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Human Rights In Iran


The U.S. State Department has published its annual report on the status of human rights around the world. Once again, the Iranian government is among the worst violators of the basic rights of its citizens. Here is Jonathan Farrar, Acting U.S. Assistant Secretary of State for Democracy, Human Rights, and Labor:

”Countries in which power is concentrated in the hands of unaccountable rulers remain the most systematic human rights violators. Here we would cite North Korea, Burma, Iran, Syria, Zimbabwe, Cuba, Belarus, Uzbekistan, Eritrea and Sudan.”

The State report says that in 2007, the Iranian government’s poor human rights record became even worse. Iran’s security forces engaged in torture and officially-sanctioned severe, barbaric forms of punishments, including flogging, death by stoning, and amputation.

Civil liberties, including freedoms of speech, press, assembly, and religion were severely restricted, according to the report. Authorities used excessive force against demonstrators. Violence and legal discrimination against women, ethnic and religious minorities, and homosexuals remained problems. Workers’ rights, including the right to organize and bargain collectively, were severely restricted. Students were detained for exercising their freedom of speech.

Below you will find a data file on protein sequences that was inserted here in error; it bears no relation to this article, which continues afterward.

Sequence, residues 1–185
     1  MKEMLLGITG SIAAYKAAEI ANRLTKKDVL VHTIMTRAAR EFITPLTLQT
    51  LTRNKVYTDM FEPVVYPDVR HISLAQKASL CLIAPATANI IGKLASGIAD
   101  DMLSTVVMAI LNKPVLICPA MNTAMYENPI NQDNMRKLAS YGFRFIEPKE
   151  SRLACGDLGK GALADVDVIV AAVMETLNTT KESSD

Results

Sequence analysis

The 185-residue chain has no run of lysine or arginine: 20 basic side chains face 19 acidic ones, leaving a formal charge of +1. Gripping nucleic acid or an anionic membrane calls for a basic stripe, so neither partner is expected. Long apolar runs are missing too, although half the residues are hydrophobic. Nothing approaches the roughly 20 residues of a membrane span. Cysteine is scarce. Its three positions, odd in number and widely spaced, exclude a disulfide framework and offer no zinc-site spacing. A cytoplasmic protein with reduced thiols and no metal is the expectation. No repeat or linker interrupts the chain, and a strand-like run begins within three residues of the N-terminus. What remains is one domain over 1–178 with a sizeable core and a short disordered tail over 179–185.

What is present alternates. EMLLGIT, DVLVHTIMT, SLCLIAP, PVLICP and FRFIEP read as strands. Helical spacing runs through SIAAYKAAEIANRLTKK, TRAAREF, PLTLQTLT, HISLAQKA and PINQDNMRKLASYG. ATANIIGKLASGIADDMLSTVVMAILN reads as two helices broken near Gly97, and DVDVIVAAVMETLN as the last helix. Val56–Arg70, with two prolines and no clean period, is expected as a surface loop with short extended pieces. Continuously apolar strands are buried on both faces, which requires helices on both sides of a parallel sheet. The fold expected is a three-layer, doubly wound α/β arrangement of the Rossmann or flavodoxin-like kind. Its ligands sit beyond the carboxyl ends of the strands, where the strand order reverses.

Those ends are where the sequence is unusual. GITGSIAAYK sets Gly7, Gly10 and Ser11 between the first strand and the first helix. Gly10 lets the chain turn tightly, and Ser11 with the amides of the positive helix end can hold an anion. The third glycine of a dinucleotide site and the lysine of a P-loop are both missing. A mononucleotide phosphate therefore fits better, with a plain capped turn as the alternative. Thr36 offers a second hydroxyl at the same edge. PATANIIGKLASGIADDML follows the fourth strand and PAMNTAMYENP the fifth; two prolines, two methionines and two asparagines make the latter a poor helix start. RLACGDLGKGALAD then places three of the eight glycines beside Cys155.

The report cites the plight of Iran’s political prisoners, incarcerated solely because of their beliefs. Their exact number is unknown, but is estimated by the U.N. Special Representative for the Promotion and Protection of the Right to Freedom of Expression to be in the hundreds. They include, among others, Azeri Iranian cultural rights activist Abbas Lisani, dissident cleric Ayatollah Mohammad Kazemeini Boroujerdi, student activists Ahmad Batebi and Ali Nikunesbati, human rights lawyer Emadoldin Baghi, workers’ rights leaders Mansur Osanloo and Mahmoud Salehi, and women’s rights advocates Hana Abdi and Ronak Safarzadeh. In addition, the report notes the continuing crackdown by the Iranian government on journalists.

U. S. Secretary of State Condoleezza Rice says, “In too many countries, champions of human rights are denounced and persecuted, vilified as traitors or targeted for repression.” But, she says, “As long as citizens around the world champion the universal values of human rights, there is hope. And we, in the United States, continue to believe it is our duty to support these courageous men and women.”

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